New support for med students with rural interest

Issue: BCMJ, vol. 57, No. 4, May 2015, Page 159 News

A total of $100 000 is available for up to 20 medical students who demonstrate an interest in practising medicine in rural and remote communities in BC. Annually, up to 20 medical students will be given individual awards of $5000 to support their pursuit of practising rural medicine. The award is offered by the BC Ministry of Health and Doctors of BC with the goal of strengthening efforts to attract more doctors to rural and remote communities.

The first British Columbia Rural Interest Awards have been granted to UBC medical students who come from a variety of rural communities or have demonstrated an interest in entering rural medicine once training is complete. The British Columbia Rural Interest Award will be given to:
•    Up to seven third-year students who have completed the Rural Family Practice Clerkship or the Integrated Community Clerkship.
•    Up to seven fourth-year students who have completed a four-week rural elective.
•    The remaining awards are granted to first-year students upon admittance to UBC Medical School.

For students applying upon completion of the third-year Rural Family Practice Clerkship, Integrated Community Clerkship, or fourth-year rural electives, the deadline is 30 June 2015. For first-year students applying upon admittance to UBC medical school, the deadline is 30 September 2015.

The awards were established through ongoing funding from the Joint Standing Committee on Rural Issues, a collaborative committee of the Ministry of Health and Doctors of BC. For information on eligibility and application deadlines, visit For information about the collaborative committee of Doctors of BC and the Ministry of Health, visit

Read about a few of the current winners on the BCMJ blog (

. New support for med students with rural interest. BCMJ, Vol. 57, No. 4, May, 2015, Page(s) 159 - News.

Above is the information needed to cite this article in your paper or presentation. The International Committee of Medical Journal Editors (ICMJE) recommends the following citation style, which is the now nearly universally accepted citation style for scientific papers:
Halpern SD, Ubel PA, Caplan AL, Marion DW, Palmer AM, Schiding JK, et al. Solid-organ transplantation in HIV-infected patients. N Engl J Med. 2002;347:284-7.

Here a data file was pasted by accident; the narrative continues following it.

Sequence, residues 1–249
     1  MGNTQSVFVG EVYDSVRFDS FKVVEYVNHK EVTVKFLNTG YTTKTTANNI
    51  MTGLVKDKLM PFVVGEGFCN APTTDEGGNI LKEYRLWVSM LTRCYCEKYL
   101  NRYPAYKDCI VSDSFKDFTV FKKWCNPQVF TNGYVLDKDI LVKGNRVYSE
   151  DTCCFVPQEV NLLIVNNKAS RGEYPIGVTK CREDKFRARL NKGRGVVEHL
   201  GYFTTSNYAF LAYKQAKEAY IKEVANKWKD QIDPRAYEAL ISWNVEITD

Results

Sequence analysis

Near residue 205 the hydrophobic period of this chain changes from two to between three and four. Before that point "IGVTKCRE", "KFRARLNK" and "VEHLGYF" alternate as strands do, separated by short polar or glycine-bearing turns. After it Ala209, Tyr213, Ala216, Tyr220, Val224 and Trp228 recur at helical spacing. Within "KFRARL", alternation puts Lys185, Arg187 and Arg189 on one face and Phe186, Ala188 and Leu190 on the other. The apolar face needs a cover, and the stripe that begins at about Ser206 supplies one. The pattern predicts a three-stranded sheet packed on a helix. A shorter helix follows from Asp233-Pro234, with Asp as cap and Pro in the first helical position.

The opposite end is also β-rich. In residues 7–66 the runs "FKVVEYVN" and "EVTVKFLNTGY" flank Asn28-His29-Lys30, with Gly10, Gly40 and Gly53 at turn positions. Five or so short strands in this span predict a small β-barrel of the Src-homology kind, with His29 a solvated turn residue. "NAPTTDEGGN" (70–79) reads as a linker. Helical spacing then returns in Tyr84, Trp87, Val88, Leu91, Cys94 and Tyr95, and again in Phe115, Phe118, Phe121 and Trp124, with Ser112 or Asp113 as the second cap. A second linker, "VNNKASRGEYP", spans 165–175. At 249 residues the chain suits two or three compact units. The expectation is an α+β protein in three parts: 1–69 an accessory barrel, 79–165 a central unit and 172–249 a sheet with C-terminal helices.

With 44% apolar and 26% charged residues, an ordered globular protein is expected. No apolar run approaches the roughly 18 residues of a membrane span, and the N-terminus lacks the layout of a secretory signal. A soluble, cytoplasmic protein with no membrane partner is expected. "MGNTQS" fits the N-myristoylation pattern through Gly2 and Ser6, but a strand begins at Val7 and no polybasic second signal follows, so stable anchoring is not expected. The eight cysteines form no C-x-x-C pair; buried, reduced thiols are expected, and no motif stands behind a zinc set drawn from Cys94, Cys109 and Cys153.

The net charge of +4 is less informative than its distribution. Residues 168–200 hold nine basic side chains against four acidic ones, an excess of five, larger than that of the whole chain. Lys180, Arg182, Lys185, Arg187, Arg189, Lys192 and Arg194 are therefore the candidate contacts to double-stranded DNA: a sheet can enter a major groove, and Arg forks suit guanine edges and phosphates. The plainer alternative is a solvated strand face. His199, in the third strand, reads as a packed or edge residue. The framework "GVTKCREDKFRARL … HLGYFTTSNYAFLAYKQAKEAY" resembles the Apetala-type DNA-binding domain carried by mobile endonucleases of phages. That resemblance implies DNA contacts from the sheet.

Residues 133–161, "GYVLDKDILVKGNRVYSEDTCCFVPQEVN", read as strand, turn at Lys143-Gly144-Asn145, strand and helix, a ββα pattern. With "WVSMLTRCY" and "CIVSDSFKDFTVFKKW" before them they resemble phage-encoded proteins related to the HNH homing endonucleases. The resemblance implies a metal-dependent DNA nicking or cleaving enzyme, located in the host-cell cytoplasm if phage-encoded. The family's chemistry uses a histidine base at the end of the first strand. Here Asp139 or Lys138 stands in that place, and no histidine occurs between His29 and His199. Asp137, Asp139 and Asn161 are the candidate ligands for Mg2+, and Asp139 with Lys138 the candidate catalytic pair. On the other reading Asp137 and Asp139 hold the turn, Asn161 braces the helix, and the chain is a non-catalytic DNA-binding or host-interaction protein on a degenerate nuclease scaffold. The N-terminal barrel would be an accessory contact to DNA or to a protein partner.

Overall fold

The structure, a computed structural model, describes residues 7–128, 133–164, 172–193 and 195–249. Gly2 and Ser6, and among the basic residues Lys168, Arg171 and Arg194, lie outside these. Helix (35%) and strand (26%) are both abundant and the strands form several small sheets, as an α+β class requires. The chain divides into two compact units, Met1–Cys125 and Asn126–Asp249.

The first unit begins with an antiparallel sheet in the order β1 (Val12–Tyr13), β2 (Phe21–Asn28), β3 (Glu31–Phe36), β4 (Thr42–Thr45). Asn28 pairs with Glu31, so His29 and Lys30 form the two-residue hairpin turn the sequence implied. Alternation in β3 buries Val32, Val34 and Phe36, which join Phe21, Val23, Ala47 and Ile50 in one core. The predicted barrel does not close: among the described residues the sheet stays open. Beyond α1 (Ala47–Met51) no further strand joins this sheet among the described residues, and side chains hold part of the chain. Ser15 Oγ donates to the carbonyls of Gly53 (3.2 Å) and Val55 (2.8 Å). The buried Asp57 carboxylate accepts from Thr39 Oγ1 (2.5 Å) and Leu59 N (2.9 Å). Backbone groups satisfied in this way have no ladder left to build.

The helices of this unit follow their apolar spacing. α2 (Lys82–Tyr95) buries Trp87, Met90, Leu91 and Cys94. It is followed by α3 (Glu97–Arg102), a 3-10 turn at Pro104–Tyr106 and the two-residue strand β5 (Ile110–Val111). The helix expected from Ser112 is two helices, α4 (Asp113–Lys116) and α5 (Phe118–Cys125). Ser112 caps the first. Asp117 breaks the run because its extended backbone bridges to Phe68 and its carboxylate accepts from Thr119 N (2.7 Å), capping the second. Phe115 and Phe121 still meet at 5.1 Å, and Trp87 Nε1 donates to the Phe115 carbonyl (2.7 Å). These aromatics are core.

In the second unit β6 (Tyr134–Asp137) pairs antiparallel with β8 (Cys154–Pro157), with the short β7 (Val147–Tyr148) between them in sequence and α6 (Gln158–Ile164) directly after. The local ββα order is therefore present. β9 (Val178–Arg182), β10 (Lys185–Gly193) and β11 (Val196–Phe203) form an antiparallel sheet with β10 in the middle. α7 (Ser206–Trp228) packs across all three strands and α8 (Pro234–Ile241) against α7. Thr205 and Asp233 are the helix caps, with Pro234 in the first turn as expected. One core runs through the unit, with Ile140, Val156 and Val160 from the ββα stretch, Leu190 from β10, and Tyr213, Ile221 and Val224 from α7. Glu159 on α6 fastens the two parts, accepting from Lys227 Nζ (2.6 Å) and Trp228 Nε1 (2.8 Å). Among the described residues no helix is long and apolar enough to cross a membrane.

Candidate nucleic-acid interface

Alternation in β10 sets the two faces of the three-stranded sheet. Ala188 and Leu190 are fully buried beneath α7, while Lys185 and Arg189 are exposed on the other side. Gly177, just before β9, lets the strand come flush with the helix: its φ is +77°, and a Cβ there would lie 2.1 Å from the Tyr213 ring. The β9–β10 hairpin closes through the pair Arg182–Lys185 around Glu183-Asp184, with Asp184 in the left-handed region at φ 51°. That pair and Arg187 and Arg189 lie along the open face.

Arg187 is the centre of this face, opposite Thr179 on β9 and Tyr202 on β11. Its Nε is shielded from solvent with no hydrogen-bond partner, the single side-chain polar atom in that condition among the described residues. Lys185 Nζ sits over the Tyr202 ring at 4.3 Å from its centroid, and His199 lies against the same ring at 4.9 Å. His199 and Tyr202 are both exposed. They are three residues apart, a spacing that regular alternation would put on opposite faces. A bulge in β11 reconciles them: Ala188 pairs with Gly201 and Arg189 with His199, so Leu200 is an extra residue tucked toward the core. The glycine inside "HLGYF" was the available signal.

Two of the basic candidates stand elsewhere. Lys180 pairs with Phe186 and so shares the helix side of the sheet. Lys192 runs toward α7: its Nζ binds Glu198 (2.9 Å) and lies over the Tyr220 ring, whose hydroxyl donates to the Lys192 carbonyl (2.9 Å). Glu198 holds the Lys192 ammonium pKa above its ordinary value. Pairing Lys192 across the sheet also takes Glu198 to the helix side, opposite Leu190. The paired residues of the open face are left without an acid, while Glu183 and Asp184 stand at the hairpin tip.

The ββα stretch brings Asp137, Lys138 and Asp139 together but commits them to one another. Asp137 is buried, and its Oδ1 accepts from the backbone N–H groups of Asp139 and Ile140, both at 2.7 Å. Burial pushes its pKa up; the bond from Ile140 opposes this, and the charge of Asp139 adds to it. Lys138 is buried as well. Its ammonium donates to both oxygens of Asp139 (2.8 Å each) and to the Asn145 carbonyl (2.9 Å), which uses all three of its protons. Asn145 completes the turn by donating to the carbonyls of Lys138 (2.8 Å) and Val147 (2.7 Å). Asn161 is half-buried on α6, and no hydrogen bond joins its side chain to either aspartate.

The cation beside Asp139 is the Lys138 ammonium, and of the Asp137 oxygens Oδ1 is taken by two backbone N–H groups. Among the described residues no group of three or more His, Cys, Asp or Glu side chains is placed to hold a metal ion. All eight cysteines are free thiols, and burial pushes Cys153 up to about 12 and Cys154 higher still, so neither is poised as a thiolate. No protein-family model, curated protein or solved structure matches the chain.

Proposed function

About the ICMJE and citation styles

The ICMJE is small group of editors of general medical journals who first met informally in Vancouver, British Columbia, in 1978 to establish guidelines for the format of manuscripts submitted to their journals. The group became known as the Vancouver Group. Its requirements for manuscripts, including formats for bibliographic references developed by the U.S. National Library of Medicine (NLM), were first published in 1979. The Vancouver Group expanded and evolved into the International Committee of Medical Journal Editors (ICMJE), which meets annually. The ICMJE created the Recommendations for the Conduct, Reporting, Editing, and Publication of Scholarly Work in Medical Journals to help authors and editors create and distribute accurate, clear, easily accessible reports of biomedical studies.

An alternate version of ICMJE style is to additionally list the month an issue number, but since most journals use continuous pagination, the shorter form provides sufficient information to locate the reference. The NLM now lists all authors.

BCMJ standard citation style is a slight modification of the ICMJE/NLM style, as follows:

  • Only the first three authors are listed, followed by "et al."
  • There is no period after the journal name.
  • Page numbers are not abbreviated.

For more information on the ICMJE Recommendations for the Conduct, Reporting, Editing, and Publication of Scholarly Work in Medical Journals, visit

BCMJ Guidelines for Authors

Leave a Reply